Appeal from the United States District Court for the Eastern District of Washington Edward F. Shea, District Judge, Presiding D.C. No. 2:07-CV-05020-EFS.
The opinion of the court was delivered by: Graber, Circuit Judge
Argued and Submitted July 14, 2010 -- Seattle, Washington
Before: Stephen Reinhardt, Susan P. Graber, and Richard A. Paez, Circuit Judges.
When is a new employer a "successor in interest" to a former employer under the Family and Medical Leave Act of 1993 ("FMLA"), 29 U.S.C. §§ 2601-2654? The answer matters because an employee is not eligible for the protections of the FMLA until he or she has worked for a particular employer for at least 12 months, and the term "employer" "includes... any successor in interest of an employer." 29 U.S.C. § 2611(4)(A)(ii). Today we adopt the persuasive reasoning of Grace v. USCAR, 521 F.3d 655 (6th Cir. 2008), and apply the regulations promulgated by the United States Department of Labor ("DOL") at 29 C.F.R. § 825.107. After doing so, we conclude that Plaintiff Christina Sullivan is not entitled to FMLA benefits because her new employer, Defendant Dollar Tree Stores, Inc. ("Dollar Tree"), for whom she worked for less than 12 months, is not a successor in interest of her former employer, Factory 2-U. Accordingly, we affirm the summary judgment in Dollar Tree's favor.
FACTUAL AND PROCEDURAL HISTORY
Factory 2-U was a retail store that sold discount clothing. At its height, Factory 2-U operated more than 200 stores in the western United States and employed more than 4,000 people. Seven stores were located in the Tri-Cities area of southeastern Washington (Kennewick, Richland, and Pasco), and each of those stores had about 30 employees. Plaintiff Christina Sullivan was the full-time Store Manager of the Pasco Factory 2-U store.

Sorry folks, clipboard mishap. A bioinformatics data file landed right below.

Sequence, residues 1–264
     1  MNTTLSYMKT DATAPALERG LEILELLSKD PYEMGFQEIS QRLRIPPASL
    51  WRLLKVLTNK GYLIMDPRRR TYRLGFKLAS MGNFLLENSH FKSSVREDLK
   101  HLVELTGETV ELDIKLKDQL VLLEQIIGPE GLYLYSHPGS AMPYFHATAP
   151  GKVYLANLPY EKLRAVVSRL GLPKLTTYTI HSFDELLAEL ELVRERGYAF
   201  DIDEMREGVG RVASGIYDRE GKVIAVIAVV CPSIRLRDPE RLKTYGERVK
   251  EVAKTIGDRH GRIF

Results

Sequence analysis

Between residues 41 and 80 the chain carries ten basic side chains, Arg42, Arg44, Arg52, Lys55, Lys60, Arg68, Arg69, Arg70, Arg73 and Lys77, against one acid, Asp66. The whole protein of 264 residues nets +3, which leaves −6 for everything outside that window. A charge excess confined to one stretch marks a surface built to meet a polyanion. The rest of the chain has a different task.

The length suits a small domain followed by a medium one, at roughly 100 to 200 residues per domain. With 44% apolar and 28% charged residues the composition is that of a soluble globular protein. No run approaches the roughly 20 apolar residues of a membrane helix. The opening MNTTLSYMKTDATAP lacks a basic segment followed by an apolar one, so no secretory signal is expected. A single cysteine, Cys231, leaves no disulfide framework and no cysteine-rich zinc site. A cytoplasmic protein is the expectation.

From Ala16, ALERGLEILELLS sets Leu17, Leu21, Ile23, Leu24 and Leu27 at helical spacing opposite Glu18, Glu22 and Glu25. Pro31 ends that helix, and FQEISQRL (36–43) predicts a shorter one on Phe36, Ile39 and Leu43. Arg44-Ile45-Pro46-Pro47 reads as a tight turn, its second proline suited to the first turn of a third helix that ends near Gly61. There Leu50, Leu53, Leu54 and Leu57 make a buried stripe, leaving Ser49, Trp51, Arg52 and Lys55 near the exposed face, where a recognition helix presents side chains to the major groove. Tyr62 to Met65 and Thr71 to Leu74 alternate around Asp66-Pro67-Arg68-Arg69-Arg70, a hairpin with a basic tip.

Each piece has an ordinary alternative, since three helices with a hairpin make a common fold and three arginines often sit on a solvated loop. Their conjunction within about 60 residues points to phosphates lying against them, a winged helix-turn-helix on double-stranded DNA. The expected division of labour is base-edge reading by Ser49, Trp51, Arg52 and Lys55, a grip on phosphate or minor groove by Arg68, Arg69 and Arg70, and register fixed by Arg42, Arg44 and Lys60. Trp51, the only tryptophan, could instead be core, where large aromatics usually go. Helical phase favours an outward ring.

By 2004, however, Factory 2-U had filed for Chapter 11 bankruptcy. In September 2004, the bankruptcy court approved the sale of Factory 2-U's existing leasehold on the Pasco store (and 39 other store leaseholds) to Dollar Tree. Dollar Tree is a chain retail store that sells a variety of items, including clothing, for one dollar. Apart from the leaseholds, Dollar Tree purchased no other assets of Factory 2-U. Others purchased the remainder of Factory 2-U's assets. At the end of September 2004, the Factory 2-U store in Pasco closed its doors.
Dollar Tree opened for business at the Pasco location four weeks later. During those four weeks, Dollar Tree reconfigured the store. First, a construction crew remodeled the interior to support a Dollar Tree store, in accordance with Dollar Tree's specifications. Second, a set-up team prepared the inventory, stocked the shelves with Dollar Tree's merchandise, and performed other preparatory work. Finally, on October 30, 2004, Dollar Tree opened for business in the former location of Factory 2-U, with 15 to 25 Dollar Tree employees.